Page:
iron_plate -> iron_gear_wheel
    inserter -> logistic_science_pack
    transport_belt -> logistic_science_pack
    iron_gear_wheel -> transport_belt
    iron_plate -> transport_belt
}
%3copper_platecopper_platecopper_cablecopper_cablecopper_plate->copper_cableiron_plateiron_plateinserterinserteriron_plate->insertertransport_belttransport_beltiron_plate->transport_beltelectronic_circuitelectronic_circuitiron_plate->electronic_circuitiron_gear_wheeliron_gear_wheeliron_plate->iron_gear_wheellogistic_science_packlogistic_science_packinserter->logistic_science_packtransport_belt->logistic_science_packcopper_cable->electronic_circuitelectronic_circuit->inserteriron_gear_wheel->inserteriron_gear_wheel->transport_belt

Not sure about you, but I am in awe seeing how well Graphviz managed to lay our graph out - we could reconstruct it almost 1:1 in the game!

There’s just one itsy-bitsy tiny thing we may still iterate on:

Do you see that iron_gear_wheel near the centre?

Currently it’s responsible for producing wheels both for transport_belt and inserter, which means we’d have to apply a splitter - this seems overly troublesome by my standards, so let’s just create two separate assembly machines instead:

digraph {
    /* ... */

    iron_plate -> iron_gear_wheel_1
    iron_gear_wheel_1 -> inserter

    iron_plate -> iron_gear_wheel_2
    iron_gear_wheel_2 -> transport_belt

    /* ... */
}
digraph {
    splines = ortho

    {
        rank = same

        copper_plate
        iron_plate
    }

    {
        rank = same

        inserter
        transport_belt
    }

    copper_cable [
        shape = box,
        width = 1.5,
        height = 1.5,
        fixedsize = true
    ]

    electronic_circuit [
        shape = box,
        width = 1.5,
        height = 1.5,
        fixedsize = true
    ]

    iron_gear_wheel_1 [
        shape = box,
        width = 1.5,
        height = 1.5,
        fixedsize = true
    ]

    iron_gear_wheel_2 [
        shape = box,
        width = 1.5,
        height = 1.5,
        fixedsize = true
    ]

    inserter [
        shape = box,
        width = 1.5,
        height = 1.5,
        fixedsize = true
    ]

    transport_belt [
        shape = box,
        width = 1.5,
        height = 1.5,
        fixedsize = true
    ]

    logistic_science_pack [
        shape = box,
        width = 1.5,
        height = 1.5,
        fixedsize = true
    ]

    copper_plate -> copper_cable
    copper_cable -> electronic_circuit
    iron_plate -> electronic_circuit
    electronic_circuit -> inserter
    iron_gear_wheel_1 -> inserter
    iron_plate -> inserter
    iron_plate -> iron_gear_wheel_1
    iron_plate -> iron_gear_wheel_2
    inserter -> logistic_science_pack
    transport_belt -> logistic_science_pack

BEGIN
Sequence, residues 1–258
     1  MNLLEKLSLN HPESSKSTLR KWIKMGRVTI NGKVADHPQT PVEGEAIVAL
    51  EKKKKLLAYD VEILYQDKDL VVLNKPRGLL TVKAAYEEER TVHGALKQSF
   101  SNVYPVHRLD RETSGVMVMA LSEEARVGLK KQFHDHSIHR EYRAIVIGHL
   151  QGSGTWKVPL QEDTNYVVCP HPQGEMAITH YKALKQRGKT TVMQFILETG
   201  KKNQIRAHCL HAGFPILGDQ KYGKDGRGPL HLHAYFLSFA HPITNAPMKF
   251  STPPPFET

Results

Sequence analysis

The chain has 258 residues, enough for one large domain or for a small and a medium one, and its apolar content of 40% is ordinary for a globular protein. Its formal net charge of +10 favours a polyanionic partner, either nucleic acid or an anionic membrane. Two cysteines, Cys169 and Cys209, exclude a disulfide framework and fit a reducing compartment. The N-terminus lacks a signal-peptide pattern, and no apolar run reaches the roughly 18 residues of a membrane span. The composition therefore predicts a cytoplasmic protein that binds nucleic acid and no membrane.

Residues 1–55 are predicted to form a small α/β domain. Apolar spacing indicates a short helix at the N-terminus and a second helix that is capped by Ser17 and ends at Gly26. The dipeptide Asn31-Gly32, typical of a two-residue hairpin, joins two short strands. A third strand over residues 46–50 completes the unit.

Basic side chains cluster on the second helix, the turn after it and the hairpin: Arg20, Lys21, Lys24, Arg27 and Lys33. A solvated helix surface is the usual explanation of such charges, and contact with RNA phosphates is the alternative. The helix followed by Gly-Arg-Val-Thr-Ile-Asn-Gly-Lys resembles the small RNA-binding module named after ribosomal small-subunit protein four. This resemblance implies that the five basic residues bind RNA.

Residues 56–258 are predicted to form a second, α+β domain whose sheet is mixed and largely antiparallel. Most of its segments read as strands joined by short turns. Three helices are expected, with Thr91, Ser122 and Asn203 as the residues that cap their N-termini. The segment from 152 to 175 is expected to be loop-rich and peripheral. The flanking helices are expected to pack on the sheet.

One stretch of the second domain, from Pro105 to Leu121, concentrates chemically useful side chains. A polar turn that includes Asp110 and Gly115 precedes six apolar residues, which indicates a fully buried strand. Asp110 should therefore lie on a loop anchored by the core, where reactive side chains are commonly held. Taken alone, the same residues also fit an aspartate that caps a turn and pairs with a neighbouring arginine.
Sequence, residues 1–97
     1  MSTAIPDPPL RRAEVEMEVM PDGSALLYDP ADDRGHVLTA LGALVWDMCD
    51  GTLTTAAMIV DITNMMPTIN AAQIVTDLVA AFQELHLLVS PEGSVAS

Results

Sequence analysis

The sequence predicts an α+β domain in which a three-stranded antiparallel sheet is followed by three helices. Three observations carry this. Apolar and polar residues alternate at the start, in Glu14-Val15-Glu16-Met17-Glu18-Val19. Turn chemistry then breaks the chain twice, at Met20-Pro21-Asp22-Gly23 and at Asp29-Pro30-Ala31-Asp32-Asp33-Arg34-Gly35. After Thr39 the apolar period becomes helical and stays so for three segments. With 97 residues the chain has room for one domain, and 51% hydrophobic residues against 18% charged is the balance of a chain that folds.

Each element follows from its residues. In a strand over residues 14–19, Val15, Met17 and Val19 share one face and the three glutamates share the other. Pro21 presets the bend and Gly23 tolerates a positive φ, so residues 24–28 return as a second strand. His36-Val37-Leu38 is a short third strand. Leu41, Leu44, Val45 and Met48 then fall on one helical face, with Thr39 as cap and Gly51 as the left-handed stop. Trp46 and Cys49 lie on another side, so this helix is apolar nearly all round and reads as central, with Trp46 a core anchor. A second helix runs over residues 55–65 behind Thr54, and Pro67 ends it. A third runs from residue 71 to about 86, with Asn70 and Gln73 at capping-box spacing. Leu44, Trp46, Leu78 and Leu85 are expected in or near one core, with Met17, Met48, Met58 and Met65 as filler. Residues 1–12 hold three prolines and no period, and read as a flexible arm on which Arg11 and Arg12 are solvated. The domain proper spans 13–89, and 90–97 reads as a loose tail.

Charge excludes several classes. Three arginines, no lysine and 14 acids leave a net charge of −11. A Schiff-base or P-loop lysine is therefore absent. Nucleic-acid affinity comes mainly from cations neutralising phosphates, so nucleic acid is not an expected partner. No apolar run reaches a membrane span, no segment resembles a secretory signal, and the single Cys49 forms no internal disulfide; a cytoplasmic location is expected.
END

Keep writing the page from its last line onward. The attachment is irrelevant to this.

iron_gear_wheel_2 -> transport_belt
    iron_plate -> transport_belt
}
%3copper_platecopper_platecopper_cablecopper_cablecopper_plate->copper_cableiron_plateiron_plateinserterinserteriron_plate->insertertransport_belttransport_beltiron_plate->transport_beltelectronic_circuitelectronic_circuitiron_plate->electronic_circuitiron_gear_wheel_1iron_gear_wheel_1iron_plate->iron_gear_wheel_1iron_gear_wheel_2iron_gear_wheel_2iron_plate->iron_gear_wheel_2logistic_science_packlogistic_science_packinserter->logistic_science_packtransport_belt->logistic_science_packcopper_cable->electronic_circuitelectronic_circuit->inserteriron_gear_wheel_1->inserteriron_gear_wheel_2->transport_belt

Seems like we’ve made it - this our our toy at work:

The first potion gets produced at 0:25, which is a rather long time, but - even so - it’s a success!

Now, there’s a vast array of things we could still work on - mainly:

Up to this point we didn’t really care about how long it takes to produce each part - and so at 0:33 we can see that everything gets bottle-necked at the final, logistic_science_pack assembly machine.

Solving this issue is left as an exercise for the reader :-)

Case study: Chemical science pack

This one is actually going to be way shorter - let’s skip all the ceremony and jump straight into the recipe:

chemical_science_pack
    advanced_circuit
    engine_unit
    sulfur

advanced_circuit
    copper_cable
    electronic_circuit
    plastic_bar

copper_cable
    copper_plate

electronic_circuit
    copper_cable
    iron_plate

plastic_bar
    coal
    petroleum_gas

engine_unit
    iron_gear_wheel
    pipe
    steel_plate

iron_gear_wheel
    iron_plate

pipe
    iron_plate

steel_plate
    iron_plate

sulfur
    petroleum_gas
    water

Since I don’t quite enjoy arduous, repetitive tasks - and I’m a programmer by heart - instead of translating the entire recipe by hand, I’ve prepared a tiny application that can do it for me; it’s available at https://factorio-layouter.pwychowaniec.com - feel free to use it!

Summary & future work

As with everything, so doesn’t using Graphviz solve all our problems.

I find it helpful in planning the initial sketches of various modules (which I later reiterate on a piece of paper before eventually reconstructing in Factorio), and that’s why I wanted to share this method with you.

In the following post I’m going to describe how I created that simple factorio-layouter application - it will be a purely technical article where we’ll take a look at parser combinators, Rust, WebAssembly, and a few other things I’ve molded together.